If history is anything to go by, this weekend will mark the biggest trading days of the year – despite SMEs believing the 2018 Christmas season will not deliver higher turnover than last year.
In a straw poll on the My Business website, which ran from 22 October to 19 November 2018, business leaders were asked the question: “Are you expecting busier pre-Christmas trade this year than last year?”
Three-quarters (75.5 per cent) of respondents said no, their 2018 trade would not be busier than that seen last year.
Just 13.6 per cent expected to see sales growth this year, while just over one in 10 (10.9 per cent) were unsure.
It is a disappointing finding for Australian SMEs, given that the Christmas period tends to be the highest grossing period of the year.
New figures from payments company Square showed that in 2017, the final weekend of November accounted for the busiest trading days of the entire year. If replicated again this year, that makes this weekend (24-25 November) the busiest of the year for many businesses.
Square said that midday on Saturday, 25 November 2017 – exactly a month out from Christmas Day – saw the peak volume of transactions taking place.
Analysing payments data from this time last year, Square found that average turnover soared by 57 per cent for the month of November and reached its peak with a 73 per cent jump in December.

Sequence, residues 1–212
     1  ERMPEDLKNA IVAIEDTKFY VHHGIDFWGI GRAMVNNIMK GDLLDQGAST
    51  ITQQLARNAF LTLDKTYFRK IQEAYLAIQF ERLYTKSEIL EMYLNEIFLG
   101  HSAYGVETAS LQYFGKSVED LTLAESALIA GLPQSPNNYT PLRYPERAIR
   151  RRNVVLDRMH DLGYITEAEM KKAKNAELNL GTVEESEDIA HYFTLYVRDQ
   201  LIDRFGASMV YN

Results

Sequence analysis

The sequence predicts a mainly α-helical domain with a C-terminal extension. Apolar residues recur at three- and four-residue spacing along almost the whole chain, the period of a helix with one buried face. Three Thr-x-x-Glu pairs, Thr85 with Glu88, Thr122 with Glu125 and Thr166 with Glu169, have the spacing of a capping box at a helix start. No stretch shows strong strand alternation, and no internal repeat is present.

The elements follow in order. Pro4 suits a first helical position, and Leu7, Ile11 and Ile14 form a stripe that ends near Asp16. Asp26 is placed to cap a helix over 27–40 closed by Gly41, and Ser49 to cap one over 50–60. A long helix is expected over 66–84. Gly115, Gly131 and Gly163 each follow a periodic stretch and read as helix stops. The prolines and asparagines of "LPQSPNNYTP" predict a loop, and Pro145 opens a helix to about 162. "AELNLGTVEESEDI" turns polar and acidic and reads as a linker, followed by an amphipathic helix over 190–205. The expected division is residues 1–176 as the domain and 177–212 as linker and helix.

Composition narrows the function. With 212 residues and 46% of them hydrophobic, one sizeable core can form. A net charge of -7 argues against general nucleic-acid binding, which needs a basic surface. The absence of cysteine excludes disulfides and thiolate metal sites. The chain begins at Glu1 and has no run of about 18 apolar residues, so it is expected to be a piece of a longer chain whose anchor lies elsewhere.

Interestingly, retail was not the industry to benefit most from the increased turnover in December. While the sector posted a hefty 106 per cent rise, the biggest increase was enjoyed by leisure and entertainment businesses, up by 159 per cent in December 2017.
The food and beverage industry saw turnover spike by 80 per cent, while beauty businesses increased their typical sales by 74 per cent.
“The holiday shopping rush is the busiest time of year for a lot of businesses, so these data insights are extremely valuable in helping them make better, more informed decisions about how to prepare inventory and marketing to maximise sales,” Square’s country manager and head of APAC, Ben Pfisterer, said.
Mr Pfisterer said that card transactions in particular provide businesses with a wealth of data that can help determine strategy and product mix, as well as insights into the success or failure of business marketing.
“Card payments carry a significant amount of useful data, so digital payments systems can now be used as a powerful reporting tool to see instantly what products are selling the best, the average spend per sale and the frequency of their customers,” he said.
As an example, Square provided a breakdown of peak transaction times in December comparing weekdays with weekends.
Transaction volumes peaked at midday on weekends, but during weekdays, this peak was delayed by an hour (to 1pm) – demonstrating differences in required staffing levels and when workers take lunch breaks to cater for this peak demand.
Adam Zuchetti is the editor of My Business, and has steered the publication’s editorial direction since early 2016.